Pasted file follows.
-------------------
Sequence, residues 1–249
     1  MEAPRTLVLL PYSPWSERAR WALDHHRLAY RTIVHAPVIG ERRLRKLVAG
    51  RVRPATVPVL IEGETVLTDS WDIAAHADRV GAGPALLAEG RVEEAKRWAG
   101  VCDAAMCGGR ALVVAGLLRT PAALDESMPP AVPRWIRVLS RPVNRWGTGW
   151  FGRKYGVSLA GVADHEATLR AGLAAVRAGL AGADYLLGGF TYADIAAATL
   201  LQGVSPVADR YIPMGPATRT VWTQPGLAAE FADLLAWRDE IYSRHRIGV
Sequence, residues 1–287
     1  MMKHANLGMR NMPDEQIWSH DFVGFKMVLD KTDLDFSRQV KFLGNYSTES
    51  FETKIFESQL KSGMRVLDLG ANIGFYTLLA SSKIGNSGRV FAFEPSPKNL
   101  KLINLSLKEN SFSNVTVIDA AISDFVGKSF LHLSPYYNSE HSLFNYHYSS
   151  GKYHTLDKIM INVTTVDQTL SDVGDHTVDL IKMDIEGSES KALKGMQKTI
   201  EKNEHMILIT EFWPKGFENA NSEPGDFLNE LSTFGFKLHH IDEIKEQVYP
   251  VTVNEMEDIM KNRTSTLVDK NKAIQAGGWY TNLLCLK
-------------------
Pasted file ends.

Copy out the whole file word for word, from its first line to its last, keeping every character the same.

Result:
Sequence, residues 1–249
     1  MEAPRTLVLL PYSPWSERAR WALDHHRLAY RTIVHAPVIG ERRLRKLVAG
    51  RVRPATVPVL IEGETVLTDS WDIAAHADRV GAGPALLAEG RVEEAKRWAG
   101  VCDAAMCGGR ALVVAGLLRT PAALDESMPP AVPRWIRVLS RPVNRWGTGW
   151  FGRKYGVSLA GVADHEATLR AGLAAVRAGL AGADYLLGGF TYADIAAATL
   201  LQGVSPVADR YIPMGPATRT VWTQPGLAAE FADLLAWRDE IYSRHRIGV
Sequence, residues 1–287
     1  MMKHANLGMR NMPDEQIWSH DFVGFKMVLD KTDLDFSRQV KFLGNYSTES
    51  FETKIFESQL KSGMRVLDLG ANIGFYTLLA SSKIGNSGRV FAFEPSPKNL
   101  KLINLSLKEN SFSNVTVIDA AISDFVGKSF LHLSPYYNSE HSLFNYHYSS
   151  GKYHTLDKIM INVTTVDQTL SDVGDHTVDL IKMDIEGSES KALKGMQKTI
   201  EKNEHMILIT EFWPKGFENA NSEPGDFLNE LSTFGFKLHH IDEIKEQVYP
   251  VTVNEMEDIM KNRTSTLVDK NKAIQAGGWY TNLLCLK